The Washington Post published an investigative piece this past weekend examining the deplorable conditions at the single room occupancy (SRO) residence at 331 E. 12th St. between First Avenue and Second Avenue.
The facility, above the Educational Alliance's Sirovich Center, which is currently closed, provides housing for formerly homeless single adults and veterans age 55 and up run by Volunteers of America of Greater New York, an affiliate of the national housing-focused nonprofit based in Alexandria, Va., and subsidized by government agencies.
Here's some content from the Post about the facility during the COVID-19 crisis:
According both to tenants and images viewed by The Post, sanitary conditions are poor, social-distancing has been lax and food is scarce. Residents described their situation as a ticking coronavirus time bomb, with even basic protective tools absent; never mind gloves and masks, there has not even been soap or toilet paper in the shared bathrooms.
On Saturday, their fears seemed to have been realized. A man, believed to be in his early 60′s, was found dead in his room by another tenant, according to a resident who was present on the site. An empty ambulance could be seen idling outside the building Saturday afternoon; by evening, it had been replaced by a city-morgue van. No cause of death was immediately available, but the man had been complaining of trouble breathing in recent days, said one tenant. He added that the man had not received any medical attention, and was seen as recently as Thursday mingling with other residents in the facility’s common area.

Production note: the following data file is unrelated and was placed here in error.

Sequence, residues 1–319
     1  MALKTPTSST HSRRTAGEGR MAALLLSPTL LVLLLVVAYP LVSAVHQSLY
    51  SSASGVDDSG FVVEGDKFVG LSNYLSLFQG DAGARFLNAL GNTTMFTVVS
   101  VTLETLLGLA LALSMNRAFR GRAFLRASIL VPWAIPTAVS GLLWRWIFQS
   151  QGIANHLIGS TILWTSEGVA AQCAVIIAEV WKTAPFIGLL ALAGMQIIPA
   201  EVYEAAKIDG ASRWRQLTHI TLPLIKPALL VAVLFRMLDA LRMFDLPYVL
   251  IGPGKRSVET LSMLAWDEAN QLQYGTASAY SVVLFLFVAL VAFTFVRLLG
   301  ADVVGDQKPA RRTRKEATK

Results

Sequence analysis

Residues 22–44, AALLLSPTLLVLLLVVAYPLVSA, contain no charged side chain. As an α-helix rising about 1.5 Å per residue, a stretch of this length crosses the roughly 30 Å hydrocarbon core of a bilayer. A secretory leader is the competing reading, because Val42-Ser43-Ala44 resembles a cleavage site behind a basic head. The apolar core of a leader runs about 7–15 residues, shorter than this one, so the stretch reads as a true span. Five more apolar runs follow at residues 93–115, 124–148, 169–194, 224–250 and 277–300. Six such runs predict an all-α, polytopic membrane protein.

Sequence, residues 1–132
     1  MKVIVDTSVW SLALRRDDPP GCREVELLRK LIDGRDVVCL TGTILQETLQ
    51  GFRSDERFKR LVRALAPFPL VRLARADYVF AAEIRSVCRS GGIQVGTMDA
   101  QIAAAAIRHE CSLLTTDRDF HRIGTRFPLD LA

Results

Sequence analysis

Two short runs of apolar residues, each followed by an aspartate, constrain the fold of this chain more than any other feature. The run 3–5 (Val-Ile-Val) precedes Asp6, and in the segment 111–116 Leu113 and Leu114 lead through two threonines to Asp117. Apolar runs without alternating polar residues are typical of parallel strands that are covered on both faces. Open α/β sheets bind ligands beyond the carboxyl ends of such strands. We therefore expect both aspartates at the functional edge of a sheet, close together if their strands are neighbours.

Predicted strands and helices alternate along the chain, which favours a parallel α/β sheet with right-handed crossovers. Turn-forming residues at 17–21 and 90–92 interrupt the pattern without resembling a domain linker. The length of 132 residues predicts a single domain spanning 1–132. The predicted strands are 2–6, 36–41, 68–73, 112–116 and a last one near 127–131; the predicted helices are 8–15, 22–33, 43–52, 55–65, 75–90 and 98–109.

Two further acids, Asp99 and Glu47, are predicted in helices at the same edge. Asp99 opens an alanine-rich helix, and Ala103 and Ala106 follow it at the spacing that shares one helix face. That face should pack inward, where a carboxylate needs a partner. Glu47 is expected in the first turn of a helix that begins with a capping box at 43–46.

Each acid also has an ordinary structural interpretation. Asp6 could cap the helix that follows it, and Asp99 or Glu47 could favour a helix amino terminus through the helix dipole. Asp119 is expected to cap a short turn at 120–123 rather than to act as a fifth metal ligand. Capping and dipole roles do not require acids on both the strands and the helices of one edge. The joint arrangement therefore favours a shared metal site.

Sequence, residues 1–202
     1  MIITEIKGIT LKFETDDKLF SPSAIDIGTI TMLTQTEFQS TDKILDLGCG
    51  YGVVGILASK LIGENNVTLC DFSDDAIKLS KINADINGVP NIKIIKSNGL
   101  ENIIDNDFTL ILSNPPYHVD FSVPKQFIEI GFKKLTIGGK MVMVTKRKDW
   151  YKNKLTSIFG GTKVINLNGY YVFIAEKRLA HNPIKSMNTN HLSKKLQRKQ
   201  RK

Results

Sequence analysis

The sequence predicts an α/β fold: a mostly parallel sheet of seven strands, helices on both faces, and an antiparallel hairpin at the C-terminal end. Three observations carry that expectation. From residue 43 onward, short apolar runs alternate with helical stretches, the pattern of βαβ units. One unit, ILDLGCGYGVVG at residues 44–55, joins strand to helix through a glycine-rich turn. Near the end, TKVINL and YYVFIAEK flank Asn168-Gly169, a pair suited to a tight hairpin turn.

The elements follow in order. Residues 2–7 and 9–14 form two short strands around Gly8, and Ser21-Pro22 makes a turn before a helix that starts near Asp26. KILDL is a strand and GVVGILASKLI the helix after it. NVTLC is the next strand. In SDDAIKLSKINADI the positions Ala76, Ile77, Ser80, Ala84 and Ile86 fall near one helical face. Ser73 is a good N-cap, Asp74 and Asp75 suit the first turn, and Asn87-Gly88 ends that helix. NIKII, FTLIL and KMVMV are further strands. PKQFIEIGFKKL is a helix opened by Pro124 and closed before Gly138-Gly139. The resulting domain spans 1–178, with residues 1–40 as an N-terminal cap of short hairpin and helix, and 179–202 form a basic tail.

The Post notes that VOA-GNY runs it under a contract with the city’s Department of Homeless Services, and that the 92 rooms are "filled with former lawyers and veterans, stockbrokers and city workers, each with their own story of how they fell on hard times to end up here."
Though just one of what advocates say is a litany of problem spots in the New York area, the 12th Street SRO illustrates how coronavirus is endangering a whole class of people. The scene lacks the dramatic optics of a hospital lobby filled with patients on ventilators. But a closer look at its images — an elderly woman without food, a cancer patient deprived of basic cleaning necessities — tells both of the forsaken vulnerable in a besieged city and the people who have left them behind.
Joshua Goodman, a spokesperson for Kathryn Garcia, New York City's emergency food czar during the COVID-19 crisis, told the Post that the 12th Street SRO would now be moved to a new food-delivery program that will see residents receiving a four-meal box every other day.
A four-meal box did arrive for the residents on Friday afternoon.